Vibrato is an oscillation of two different pitches happening simultaneously. This kind of pitch variant happens as a result of a change in air pressure and cord tension. Usually when vocal coordination’s are engaged and then relaxed. The presence of vibrato adds an expansion, vitality, warmth and a polish to an otherwise very simple sound.
Very few vocal coaches will teach or even talk about vibrato. Their stance is that it is a naturally occurring effect once good supportive habits are established. Which is totally true! However, vibrato also has deliberateness to it. Which means you have to engage it. So you, Youtube viewer may be saying to yourself “ I do have great vocal habits but I still can’t seem to find my vibrato! So what can I do?” Well friends…it’s for you that I have made this video.
Think of vibrato as being similar to a golf swing. Everyone uses what works best for them. As you use this video to practice your vibrato, I encourage you not to judge the quality of your sounds. The sounds you make are a result of your coordination’s. So you’ll have to experiment to see what works best for you. The exercises in this video are meant to be temporary coordination’s. Just to get things engaged and moving.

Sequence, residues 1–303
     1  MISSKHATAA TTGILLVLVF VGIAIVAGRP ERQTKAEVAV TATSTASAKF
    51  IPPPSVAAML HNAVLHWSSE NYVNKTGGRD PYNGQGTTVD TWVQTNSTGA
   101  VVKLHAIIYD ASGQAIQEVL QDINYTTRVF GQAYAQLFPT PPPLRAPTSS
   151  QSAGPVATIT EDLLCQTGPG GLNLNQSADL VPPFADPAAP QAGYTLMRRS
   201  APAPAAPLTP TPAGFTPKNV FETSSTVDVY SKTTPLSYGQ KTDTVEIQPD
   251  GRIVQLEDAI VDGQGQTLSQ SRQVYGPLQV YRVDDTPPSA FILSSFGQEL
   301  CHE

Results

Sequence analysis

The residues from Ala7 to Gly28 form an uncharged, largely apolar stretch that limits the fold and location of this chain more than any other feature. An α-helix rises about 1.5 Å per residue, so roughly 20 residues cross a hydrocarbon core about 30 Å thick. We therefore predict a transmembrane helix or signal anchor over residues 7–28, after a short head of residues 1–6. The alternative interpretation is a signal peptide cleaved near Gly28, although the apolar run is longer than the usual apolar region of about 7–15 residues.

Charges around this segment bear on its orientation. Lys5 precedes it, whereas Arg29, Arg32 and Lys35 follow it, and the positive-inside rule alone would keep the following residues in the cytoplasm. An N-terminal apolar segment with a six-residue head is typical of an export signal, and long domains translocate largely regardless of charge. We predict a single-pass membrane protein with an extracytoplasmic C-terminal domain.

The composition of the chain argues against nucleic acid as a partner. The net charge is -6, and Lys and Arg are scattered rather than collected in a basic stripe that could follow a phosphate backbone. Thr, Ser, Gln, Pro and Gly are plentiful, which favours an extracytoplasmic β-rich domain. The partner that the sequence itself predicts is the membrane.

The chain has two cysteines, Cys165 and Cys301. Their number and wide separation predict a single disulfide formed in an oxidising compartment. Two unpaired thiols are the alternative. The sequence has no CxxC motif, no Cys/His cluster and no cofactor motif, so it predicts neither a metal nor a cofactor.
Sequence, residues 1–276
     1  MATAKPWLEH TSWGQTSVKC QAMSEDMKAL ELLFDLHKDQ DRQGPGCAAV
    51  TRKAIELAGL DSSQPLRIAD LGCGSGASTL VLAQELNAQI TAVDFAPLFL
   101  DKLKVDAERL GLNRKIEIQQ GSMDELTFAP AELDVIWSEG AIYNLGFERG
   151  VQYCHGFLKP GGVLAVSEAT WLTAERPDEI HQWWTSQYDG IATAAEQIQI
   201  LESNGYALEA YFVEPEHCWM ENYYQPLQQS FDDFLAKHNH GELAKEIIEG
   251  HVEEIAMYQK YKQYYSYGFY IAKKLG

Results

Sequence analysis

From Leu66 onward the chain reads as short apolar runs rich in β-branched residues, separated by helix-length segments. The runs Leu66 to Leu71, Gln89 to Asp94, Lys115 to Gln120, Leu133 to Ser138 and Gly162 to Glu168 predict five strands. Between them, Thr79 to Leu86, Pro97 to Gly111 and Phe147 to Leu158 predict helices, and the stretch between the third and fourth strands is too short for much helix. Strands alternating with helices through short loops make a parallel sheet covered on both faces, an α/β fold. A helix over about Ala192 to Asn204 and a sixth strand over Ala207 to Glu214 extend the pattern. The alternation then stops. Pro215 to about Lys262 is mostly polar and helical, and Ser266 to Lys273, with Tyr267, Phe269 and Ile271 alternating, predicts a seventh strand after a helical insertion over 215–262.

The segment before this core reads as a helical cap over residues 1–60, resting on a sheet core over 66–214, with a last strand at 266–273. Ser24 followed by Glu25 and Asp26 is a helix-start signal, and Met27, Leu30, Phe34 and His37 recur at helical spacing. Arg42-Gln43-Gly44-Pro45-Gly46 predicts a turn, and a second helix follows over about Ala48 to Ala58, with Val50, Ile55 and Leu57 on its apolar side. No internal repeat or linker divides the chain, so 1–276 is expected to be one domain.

To get started, let’s simplify the coordination of vibrato with a simple note bend. We’re going to start really slow and then build on it. The idea here is to trick the nervous system into an eventual subtle vibrato. You’ll want to choose a tempo that allows you to perform the bend perfectly. Do not rush through this. Going too quickly through the bends will reinforce untidy habits. What you can do slow, you can do fast. Keep the bending clear and concise.
Our next exercise is a breathy laugh. This is meant to wake-up the diaphragm and bring more diversity to your sound. Remember that the sounds we will do today are in no way a finished sound, but are meant to get the ball rolling by engaging the components that are necessary for a healthy vibrato.
Our last exercise in today’s video is a wobbly wide vibrato. It kind of sounds to me like a baby bounding on a lap. This is meant to engage the subtle connections of diaphragm and vocal cord. Remember, this is a temporary sound and the end focus is to slowly and gradually speed up the sensation, which will ultimately lead to a pure, finished sound.